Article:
After getting the pistons past their rings you need to push the piston down to it's crank journal. Normally you can oil the rings and they will slide easier, but I used new chrome rings and they need to 'seat' before they are oiled.


Jackshaft In (29 Nov 2010)

Moving on, I flipped the block over and installed the jackshaft. I simply lubed the jackshaft bearings and a coat on the jackshaft journals and carefully slid it in...the only caution is not installing it too far back as the rear only has a's the locating plate at the front that holds it in place.

locating plate
evil l

Jackshaft Plate (29 Nov 2010)

Well the jackshaft locating plate was not hard to put on, but as you can see from previous photo I had installed the keys in the keyway and the locating plate wouldn't slide over, so I knocked them out and installed the plate, then reinstalled the keys. I also bought a new tool as I've never owned a screwdriver that was a torque wrench, but low and behold they have them...torque the two screws to 4 ft lbs.


The "Evil L" (29 Nov 2010)

Probably the most famous engine component of the U20 is the Evil L. It's actually the upper chain guide and the top has a small bracket (L from a side view) designed to hold the cam chain sprocket in place while the head is removed...problem is the chain tensioner is driven by oil pressure, so if the chain has slack or the timing components are worn the chain rubs on the Evil L (very noticeable at start up). One solution is to cut the evil l off or best solution...fix the cause of the slack chain.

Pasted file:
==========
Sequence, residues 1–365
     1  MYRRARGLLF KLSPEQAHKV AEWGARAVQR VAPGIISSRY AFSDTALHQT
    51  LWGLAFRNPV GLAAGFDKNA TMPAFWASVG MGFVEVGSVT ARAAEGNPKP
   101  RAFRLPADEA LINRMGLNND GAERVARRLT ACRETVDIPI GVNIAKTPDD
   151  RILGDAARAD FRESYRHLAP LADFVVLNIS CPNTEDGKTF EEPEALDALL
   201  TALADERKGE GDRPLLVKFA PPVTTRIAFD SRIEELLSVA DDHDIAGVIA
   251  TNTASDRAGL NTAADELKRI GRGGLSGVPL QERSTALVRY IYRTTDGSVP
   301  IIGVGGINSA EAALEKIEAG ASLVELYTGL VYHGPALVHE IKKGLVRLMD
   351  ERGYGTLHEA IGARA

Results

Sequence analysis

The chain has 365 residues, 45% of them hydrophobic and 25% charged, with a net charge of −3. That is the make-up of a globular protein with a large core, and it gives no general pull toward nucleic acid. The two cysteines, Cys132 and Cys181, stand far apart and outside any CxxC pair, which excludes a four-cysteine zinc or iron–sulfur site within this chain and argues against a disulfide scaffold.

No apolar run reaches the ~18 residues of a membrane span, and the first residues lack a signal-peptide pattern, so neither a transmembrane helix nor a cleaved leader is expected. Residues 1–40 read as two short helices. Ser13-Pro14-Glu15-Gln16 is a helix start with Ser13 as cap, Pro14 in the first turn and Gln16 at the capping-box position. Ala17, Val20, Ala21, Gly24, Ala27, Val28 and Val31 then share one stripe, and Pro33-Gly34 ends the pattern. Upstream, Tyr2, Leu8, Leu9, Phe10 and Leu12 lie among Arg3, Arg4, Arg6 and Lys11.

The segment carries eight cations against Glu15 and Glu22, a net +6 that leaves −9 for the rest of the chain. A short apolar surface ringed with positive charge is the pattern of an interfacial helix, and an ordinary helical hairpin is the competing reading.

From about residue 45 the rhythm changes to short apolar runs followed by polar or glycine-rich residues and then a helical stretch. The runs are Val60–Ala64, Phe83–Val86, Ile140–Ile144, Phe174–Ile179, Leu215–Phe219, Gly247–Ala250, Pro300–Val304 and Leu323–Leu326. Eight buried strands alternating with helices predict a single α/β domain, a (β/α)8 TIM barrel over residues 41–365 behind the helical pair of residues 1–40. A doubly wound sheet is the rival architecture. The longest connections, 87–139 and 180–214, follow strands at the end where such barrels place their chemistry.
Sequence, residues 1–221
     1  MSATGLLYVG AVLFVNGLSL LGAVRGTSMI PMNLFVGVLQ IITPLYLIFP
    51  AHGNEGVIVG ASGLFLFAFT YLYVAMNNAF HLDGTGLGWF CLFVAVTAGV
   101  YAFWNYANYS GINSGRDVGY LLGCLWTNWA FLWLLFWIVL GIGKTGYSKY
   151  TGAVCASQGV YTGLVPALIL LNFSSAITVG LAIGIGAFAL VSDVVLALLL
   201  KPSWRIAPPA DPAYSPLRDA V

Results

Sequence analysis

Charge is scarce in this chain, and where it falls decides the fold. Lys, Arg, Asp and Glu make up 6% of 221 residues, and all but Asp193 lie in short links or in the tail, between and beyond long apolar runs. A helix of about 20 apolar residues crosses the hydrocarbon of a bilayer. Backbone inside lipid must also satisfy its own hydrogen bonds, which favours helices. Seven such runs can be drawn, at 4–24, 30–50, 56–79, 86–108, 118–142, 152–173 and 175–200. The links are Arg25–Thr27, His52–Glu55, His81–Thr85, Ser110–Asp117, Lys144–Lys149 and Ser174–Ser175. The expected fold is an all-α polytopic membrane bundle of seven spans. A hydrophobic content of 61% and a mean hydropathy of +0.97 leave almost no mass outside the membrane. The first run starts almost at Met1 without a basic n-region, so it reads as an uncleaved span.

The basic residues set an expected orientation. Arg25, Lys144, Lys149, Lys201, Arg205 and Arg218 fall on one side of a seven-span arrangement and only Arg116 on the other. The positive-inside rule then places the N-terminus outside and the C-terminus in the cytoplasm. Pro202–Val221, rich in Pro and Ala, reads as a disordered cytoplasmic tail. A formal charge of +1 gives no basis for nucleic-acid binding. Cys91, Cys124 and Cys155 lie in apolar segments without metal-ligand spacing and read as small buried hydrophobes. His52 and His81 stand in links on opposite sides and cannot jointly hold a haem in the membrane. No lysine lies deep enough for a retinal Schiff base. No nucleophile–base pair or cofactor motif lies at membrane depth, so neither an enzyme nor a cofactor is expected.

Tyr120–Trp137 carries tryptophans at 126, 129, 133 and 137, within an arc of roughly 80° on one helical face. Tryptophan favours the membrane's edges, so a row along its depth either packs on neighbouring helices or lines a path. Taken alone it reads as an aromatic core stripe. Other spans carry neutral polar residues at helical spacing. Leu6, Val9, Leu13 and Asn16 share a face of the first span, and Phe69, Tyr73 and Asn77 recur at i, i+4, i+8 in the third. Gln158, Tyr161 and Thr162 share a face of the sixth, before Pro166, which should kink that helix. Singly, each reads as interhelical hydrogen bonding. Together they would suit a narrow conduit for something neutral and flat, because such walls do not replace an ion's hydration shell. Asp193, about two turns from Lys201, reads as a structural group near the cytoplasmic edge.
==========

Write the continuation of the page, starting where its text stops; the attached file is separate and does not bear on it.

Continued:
removeable L
rear jack gear

My Evil L (29 Nov 2010)

My solution was discussed on one of the Roadster forums. I took my new Upper chain guide purchased for the rebuild and pieces I cut off of the old chain guide (which was worn and no good anyway) and made mine removable.


Rear Jackshaft Gear (29 Nov 2010)

Moving along...I installed the lower chain guide (many leave this off, but I paid for a new one, so on it goes!), then I put the upper chain on the Cam sprocket and the rear jackshaft sprocket. I purchased new chains, but they were not Nissan chains so I had to mark two links with paint by counting 38 chain links between them. Simply align the shiny (marked) links with the dimples in the sprockets. The Cam sprocket should install at approx 3 O'clock and the lower sprocket will be at 5 O'clock as seen in photo.

upper chain
lower chain

3 O'Clock (29 Nov 2010)

This is the Cam sprocket at the 3 O'clock as discussed in the previos these two positions the upper chain is is it's "assembly" position.


Lower Chain (29 Nov 2010)

Same problem with my new lower chain (no shiny links) I counted 16 1/2 links and painted dots. I can't even describe all of the steps to this (buy Scott's book and you can't fail), but after installing the sprockets you can check them by aligning the two timing dimples and the rear jackshaft sprocket will be back at 5 O'clock...all of the marks should form a straight line.

lower tensioner

Chains complete (29 Nov 2010)

I've checked and rechecked and the chains seem to be aligned correctly, all marks line up at TDC and in the 'Checking' position.


Lower Chain Tensioner (29 Nov 2010)

I installed a new lower tensioner...a Roadster member (see Gordon's Garage) described an easy way to install the tensioners...simply zip tie them in the compressed position, install, and then cut the zip tie.